Lessons from Jerome
Jerome is about a half an hour from Sedona. It's a small town nestled up in the hills and is cool enough because of the view of the distant buttes and bluffs across the desert expanse. At sunset the town is in the shadows of the hills but everything else is lit up and you can watch the shadows skitter across the ground until they hit the far vermillion cliffs. But that's not the best part, next to Jerome is a place called Ghost Town, it's one mans vision that's like DisneyWorld 50 years after the apocalypse. It is a painters (and car enthusiasts) wet dream. Cars and weird trucks and motorcycles of all kinds and descriptions in various states of entropy. Probably 200 vehicles in all. And if you have a thing for tools, he has them strewn about everywhere. See for yourself.
A few of the artists from the Sedona event gathered in and around on the day we were assigned to paint there.. I did one painting of Jerome (at the end of this post) but once I saw Ghost Town, that was it for me. I and others painted that place for two days and just wanted to stay and really flesh it out. Truth is, as magnificent as Sedona was, I could have painted this rotting metal town for a month. The lesson from this junket wasn't one of those path altering things, it was more along the lines of seeing how two artists tackle the exact same subject matter and how the style and process that are unique to each come into play.
My version The other woman, 20x20 sold
Colin Pages version
I set up next to Colin Page whose work I like a ton (there's a link to his website, click on his name), it's loose and free and borders on the abstract. I also think the world of this guy for many reasons. He's a great trash talker so in between our friendly painting sesh was a healthy amount of put downs and taunts, makes for a fun day. One of the things I appreciate about him is that he is self-taught. For example, he paints with his canvas in full sun, something that most plein airists say to never do and he does this because he didn't learn someone elses way, he figured it out on his own. Interestingly, the thing that is supposed to happen when one paints in full sun, doesn't in his work. He keeps his color bright and convincing. His drawing is spot on but it's the abstractness he gets in his paintings, well drawn but not a rendering.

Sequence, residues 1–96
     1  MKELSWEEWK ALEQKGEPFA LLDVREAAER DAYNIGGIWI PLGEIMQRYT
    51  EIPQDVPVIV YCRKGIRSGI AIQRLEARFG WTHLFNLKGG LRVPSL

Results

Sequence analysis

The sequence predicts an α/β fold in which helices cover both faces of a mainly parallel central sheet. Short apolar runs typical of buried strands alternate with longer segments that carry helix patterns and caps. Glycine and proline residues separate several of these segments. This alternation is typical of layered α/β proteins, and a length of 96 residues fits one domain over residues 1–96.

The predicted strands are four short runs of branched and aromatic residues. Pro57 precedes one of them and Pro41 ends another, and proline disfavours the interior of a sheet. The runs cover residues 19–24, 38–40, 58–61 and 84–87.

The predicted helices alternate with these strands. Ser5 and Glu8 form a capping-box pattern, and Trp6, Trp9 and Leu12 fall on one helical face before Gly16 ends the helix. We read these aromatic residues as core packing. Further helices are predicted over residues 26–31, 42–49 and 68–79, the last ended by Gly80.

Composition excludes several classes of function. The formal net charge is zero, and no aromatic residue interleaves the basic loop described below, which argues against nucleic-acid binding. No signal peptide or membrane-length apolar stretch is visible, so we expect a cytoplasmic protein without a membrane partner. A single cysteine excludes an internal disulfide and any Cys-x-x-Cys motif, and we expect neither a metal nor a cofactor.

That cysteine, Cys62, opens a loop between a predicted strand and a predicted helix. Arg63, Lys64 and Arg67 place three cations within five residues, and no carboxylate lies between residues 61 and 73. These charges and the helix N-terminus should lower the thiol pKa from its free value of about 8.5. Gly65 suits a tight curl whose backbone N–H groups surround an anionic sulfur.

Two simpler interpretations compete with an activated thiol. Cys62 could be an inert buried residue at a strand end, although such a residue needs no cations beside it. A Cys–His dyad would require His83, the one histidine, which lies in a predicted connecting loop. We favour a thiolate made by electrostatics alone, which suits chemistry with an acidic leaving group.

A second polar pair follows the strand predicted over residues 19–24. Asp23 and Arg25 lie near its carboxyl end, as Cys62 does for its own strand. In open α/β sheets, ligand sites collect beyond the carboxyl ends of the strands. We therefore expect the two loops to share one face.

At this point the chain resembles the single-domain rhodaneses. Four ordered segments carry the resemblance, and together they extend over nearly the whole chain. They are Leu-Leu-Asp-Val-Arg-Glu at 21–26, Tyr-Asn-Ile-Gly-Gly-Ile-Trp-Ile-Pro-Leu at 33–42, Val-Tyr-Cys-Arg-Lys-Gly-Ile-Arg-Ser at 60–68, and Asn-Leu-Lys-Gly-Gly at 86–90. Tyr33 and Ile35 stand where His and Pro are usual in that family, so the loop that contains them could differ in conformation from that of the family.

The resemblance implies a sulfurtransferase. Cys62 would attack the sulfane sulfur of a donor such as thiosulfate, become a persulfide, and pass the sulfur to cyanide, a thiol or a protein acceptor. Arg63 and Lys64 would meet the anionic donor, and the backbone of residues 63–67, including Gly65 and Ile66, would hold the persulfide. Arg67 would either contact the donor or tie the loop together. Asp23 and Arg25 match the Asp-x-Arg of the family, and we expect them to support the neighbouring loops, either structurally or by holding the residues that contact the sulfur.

I like my painting and was rather proud of it but I like his better. My lesson (which was more of a reminder) is to not over render stuff, less is more. If you look at my version, I'm trying to explain each shape but if you look at his, especially in the shadows, it's much more vague and energetic. It just gives the painting more life and lets the viewer fill in the blanks. In my book, he is one of the few who can successfully straddle the line between representation and abstraction. Plus he's funny and a good smack talker. He won best of show for his labors and I was honored by his request to trade paintings... got another killer painting to add to my wall of fame.
Lil' red riding truck, 11x14 sold
I tried something with this one that really helped. One problem with certain colors, like bright oranges, is that it's really hard to get them to look as intense as they are in actuality. Since my canvases are usually untoned I utilized the trick of washing in a complement to the orange/red truck, it really helped it to pop from the start. You can see some of it peeking through in the foreground grass.
Here's my painting from Jerome. I like it. I think it's 90% successful, Mostly I like the positive/negative shape relationships and, as it was painted over a sanded down piece of crap from earlier, because I allowed more understuff to peek through than usual, it has some nice surface and paint variety in the blue wall, something that otherwise might have been kind of boring.
Late for the sky, 11x14